TV everyone will be talking about this fall

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The fall season of television is about to begin, and it’s bringing the return of some highly anticipated shows. From Netflix’s “Stranger Things” to Shonda Rhimes’ “Grey’s Anatomy” on ABC, this fall is going to usher in endless guilty pleasures and group binge-watching sessions.

“American Horror Story,” FX

The anthology format of “American Horror Story” makes it easy for series newcomers to jump right in with each new season, while longtime fans return for fresh torment every time. Season seven of the series is called “Cult” — and rumor has it that it will draw on the latest presidential election for inspiration.

“American Horror Story” is not for the faint of heart, as it dabbles equally in grotesque body horror and psychological thrills, all while peeling back the layers of cultural taboos — often to grisly ends. It’s debatable whether the show oversteps the limits of spectacle into far-too-disturbing territory, and recent seasons such as “Hotel” haven’t been as focused as earlier seasons — think “Murder House” or “Coven” — but hopefully, this coming season will bring critical discourse on the political moment in addition to its ghastly imagery and entertainment. “Cult” premiered Sept. 5 on FX.

“This is Us,” NBC

This heartwarming family drama premiered its first season last year. Bouncing between the present and the past, “This is Us” captures the lives of three siblings, both now as adults and as children with their parents in the ‘80s, which allows viewers to see the impact their upbringing continues to have on their lives. The show was celebrated for its representations of mental health and complex relationships leading up to its highly anticipated second season. “This is Us” returns to NBC on Sept. 26.

“Law & Order: Special Victims Unit,” NBC

One of the classic procedural dramas, “Law & Order: SVU” is returning for its nineteenth season this fall. The show follows Olivia Benson (Mariska Hargitay) and her team of detectives, who are tasked with investigating sex-related crimes. For decades now, “Law & Order: SVU” has used its platform — as the show has an average of more than 6 million viewers — to cultivate discourse within the ebbs and flows of the American political climate, with episodes spanning from Rolling Stone’s UVA story to an episode that tackled both racially motivated violence and Paula Deen’s use of a racial slur. The show’s approaches to these issues have been fraught, but it provides a uniquely focused space for such conversations to be had. This procedural certainly worth watching, if for nothing more than to see television history unfold. “Law & Order: SVU” returns to NBC on Sept. 27.

“Grey’s Anatomy,” ABC

What “Law & Order: SVU” is to procedurals, “Grey’s Anatomy” is to primetime dramas. One look at any primetime drama, and you’re sure to find the influence of “Grey’s Anatomy” — it’s one of the most influential series in recent television history for the way it bridges the gap between daytime soaps and highbrow premium cable. The series follows Dr. Meredith Grey (Ellen Pompeo), as well as her friends, family and coworkers, as they save lives and try to stay alive themselves — an unusual amount of tragedy and adversity plague the lives of the surgeons at Grey Sloan Memorial Hospital. When the series returns this fall, the doctors will surely be responding to the recent departure of Stephanie Edwards (Jerrika Hinton) after she was stabbed by a patient and nearly died in a fire. Rumors abound as to whether this legendary series will wind down soon, given the announcement of a spin-off series coming soon. Season 14 premieres Sept. 28 on ABC.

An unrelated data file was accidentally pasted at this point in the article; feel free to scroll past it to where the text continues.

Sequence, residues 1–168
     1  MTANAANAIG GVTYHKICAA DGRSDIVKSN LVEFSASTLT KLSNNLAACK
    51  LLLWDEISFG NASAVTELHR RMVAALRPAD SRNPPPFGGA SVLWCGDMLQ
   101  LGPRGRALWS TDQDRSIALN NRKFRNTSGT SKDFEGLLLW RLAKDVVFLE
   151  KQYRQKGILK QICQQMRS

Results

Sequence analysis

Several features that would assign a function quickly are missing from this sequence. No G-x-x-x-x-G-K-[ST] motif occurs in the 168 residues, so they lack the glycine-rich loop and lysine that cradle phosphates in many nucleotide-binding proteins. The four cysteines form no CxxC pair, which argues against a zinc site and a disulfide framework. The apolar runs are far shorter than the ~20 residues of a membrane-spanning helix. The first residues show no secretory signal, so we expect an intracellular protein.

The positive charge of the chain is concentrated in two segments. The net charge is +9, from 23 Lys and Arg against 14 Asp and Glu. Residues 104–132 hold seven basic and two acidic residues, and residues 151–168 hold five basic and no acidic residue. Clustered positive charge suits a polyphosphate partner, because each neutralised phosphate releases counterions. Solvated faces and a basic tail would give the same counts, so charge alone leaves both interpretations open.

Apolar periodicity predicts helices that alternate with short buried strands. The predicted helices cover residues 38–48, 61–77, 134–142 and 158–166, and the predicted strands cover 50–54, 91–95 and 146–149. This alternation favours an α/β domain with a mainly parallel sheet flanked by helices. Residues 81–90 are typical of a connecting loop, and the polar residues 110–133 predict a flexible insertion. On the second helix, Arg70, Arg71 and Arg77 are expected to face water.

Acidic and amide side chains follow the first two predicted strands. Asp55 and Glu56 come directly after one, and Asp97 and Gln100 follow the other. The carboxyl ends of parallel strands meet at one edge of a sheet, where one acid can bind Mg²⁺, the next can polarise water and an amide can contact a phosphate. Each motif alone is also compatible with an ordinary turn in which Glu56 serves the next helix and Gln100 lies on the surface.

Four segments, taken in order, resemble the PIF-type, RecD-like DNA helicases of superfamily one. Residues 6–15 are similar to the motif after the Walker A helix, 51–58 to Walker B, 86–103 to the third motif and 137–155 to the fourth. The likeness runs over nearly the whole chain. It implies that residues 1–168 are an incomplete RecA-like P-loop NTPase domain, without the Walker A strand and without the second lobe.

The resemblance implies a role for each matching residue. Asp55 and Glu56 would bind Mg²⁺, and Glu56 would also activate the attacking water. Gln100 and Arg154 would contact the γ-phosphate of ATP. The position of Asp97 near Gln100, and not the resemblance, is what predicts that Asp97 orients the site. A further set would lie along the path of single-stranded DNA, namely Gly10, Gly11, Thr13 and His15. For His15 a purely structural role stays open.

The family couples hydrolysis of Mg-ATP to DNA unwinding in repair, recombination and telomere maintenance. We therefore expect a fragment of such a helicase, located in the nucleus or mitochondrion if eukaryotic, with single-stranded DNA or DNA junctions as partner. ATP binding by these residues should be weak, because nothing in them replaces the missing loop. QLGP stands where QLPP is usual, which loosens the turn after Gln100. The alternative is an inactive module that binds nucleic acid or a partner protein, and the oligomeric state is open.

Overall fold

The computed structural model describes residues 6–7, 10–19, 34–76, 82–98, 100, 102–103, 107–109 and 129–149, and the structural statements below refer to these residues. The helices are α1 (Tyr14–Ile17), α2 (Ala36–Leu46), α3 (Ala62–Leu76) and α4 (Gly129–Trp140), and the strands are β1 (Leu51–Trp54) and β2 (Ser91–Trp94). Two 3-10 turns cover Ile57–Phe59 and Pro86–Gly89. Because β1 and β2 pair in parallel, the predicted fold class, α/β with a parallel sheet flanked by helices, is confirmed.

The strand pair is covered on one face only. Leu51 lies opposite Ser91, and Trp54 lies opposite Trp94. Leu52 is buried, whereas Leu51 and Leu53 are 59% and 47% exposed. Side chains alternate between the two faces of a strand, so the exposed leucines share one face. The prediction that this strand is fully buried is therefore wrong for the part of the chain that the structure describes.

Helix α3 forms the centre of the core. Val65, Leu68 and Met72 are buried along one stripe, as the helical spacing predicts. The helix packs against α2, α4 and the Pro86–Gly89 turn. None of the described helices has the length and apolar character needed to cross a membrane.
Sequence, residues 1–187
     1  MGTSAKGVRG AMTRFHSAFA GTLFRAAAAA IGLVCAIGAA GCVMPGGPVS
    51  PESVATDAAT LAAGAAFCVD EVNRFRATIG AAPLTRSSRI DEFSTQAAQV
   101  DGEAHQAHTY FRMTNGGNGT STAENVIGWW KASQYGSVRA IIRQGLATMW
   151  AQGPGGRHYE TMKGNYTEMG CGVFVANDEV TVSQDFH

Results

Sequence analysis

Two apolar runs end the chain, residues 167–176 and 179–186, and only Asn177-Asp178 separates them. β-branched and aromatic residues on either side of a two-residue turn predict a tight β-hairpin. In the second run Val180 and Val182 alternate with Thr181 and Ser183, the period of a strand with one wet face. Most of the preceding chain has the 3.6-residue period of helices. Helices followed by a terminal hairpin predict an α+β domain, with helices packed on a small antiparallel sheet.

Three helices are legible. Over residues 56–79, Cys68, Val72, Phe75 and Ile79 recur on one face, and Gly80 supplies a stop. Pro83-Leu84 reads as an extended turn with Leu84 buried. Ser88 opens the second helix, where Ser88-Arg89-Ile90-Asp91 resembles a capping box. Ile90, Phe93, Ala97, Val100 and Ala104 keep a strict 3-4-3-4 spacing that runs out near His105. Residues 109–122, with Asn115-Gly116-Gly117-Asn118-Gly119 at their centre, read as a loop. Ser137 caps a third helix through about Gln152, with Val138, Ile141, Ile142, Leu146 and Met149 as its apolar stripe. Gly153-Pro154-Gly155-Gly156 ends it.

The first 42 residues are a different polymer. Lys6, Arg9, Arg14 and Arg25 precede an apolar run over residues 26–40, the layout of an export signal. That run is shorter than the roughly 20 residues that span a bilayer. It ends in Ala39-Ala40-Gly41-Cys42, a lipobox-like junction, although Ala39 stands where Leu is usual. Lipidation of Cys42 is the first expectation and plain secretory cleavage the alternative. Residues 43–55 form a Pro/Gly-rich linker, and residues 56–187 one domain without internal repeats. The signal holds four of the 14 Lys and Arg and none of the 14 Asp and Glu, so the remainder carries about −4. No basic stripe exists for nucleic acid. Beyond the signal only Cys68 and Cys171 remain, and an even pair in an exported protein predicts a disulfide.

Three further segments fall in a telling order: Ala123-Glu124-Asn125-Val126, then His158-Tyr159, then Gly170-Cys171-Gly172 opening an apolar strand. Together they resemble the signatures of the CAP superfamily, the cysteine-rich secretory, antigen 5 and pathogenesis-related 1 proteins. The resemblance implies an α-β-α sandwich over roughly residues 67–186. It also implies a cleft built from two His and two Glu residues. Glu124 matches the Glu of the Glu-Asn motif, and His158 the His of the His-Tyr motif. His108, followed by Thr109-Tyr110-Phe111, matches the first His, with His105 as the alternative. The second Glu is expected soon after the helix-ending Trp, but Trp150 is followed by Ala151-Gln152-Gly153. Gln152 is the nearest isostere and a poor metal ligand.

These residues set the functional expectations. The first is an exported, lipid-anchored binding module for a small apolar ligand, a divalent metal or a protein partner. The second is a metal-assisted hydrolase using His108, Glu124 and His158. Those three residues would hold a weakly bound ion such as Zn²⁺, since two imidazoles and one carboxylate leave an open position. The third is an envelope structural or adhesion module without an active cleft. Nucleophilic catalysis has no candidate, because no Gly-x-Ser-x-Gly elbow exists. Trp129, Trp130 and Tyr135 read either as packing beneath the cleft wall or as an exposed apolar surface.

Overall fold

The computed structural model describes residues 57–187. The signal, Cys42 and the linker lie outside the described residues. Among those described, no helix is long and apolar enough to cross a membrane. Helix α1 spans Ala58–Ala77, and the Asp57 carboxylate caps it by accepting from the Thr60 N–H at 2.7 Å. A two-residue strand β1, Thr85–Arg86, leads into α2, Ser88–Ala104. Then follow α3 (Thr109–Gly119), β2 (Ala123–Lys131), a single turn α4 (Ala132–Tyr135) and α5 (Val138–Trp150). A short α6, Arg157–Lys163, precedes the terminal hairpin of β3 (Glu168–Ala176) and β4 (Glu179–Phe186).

“How to Get Away With Murder,” ABC

Shonda Rhimes is objectively a television genius, and “How to Get Away with Murder” is an extension of her mastery. Rhimes’ most successful series give us dramatic glimpses into the professions that fascinate us: “Scandal” delves into politics, “Grey’s Anatomy” into medicine and “How to Get Away With Murder” into law. This series follows a group of law students, tightly bonded after a series of catastrophes — they must trust each other to keep their mutual secrets, or else risk the strong arm of the law they practice. Good thing they have Annalise Keating (Viola Davis) on their side. Or do they? That’ll be one of many questions we hope to have answered when season four premieres Sept. 28 after “Grey’s Anatomy” on ABC.

“Stranger Things,” Netflix

“Stranger Things” is for film- and television-history buffs and sci-fi fanatics alike. This show pulls its imagery from classics such as John Carpenter’s “The Thing” and Steven Spielberg’s “The Goonies,” breathing 1980s-era life into a bingeable television series. The first season followed a group of kids from Hawkins, Indiana, as they tried to find their missing friend, who disappeared into the Upside Down. Meanwhile, that same group of kids discovered Eleven (Millie Bobby Brown) — a young girl with psychokinetic powers (and one of the most iconic television characters of the decade) — who defended them from bullies and gave them insight into the Upside Down.

The trailer for season two of “Stranger Things” doesn’t reveal a ton plotwise, but it promises the return of several leading characters, including Eleven, Joyce Byers (Winona Ryder), Will Byers (Noah Schnapp), Jim Hopper (David Harbour), Nancy (Natalia Dyer) and Jonathan Byers (Charlie Heaton). The show returns to Netflix on Oct. 27 — just in time for Halloween.

There’s going to be lots of quality television this fall, so now’s the time to catch up on your favorites (or explore some new terrain) before the premieres in these coming weeks.

Sophie-Marie Prime is the assistant arts & entertainment editor. Contact her at sprime@dailycal.org.

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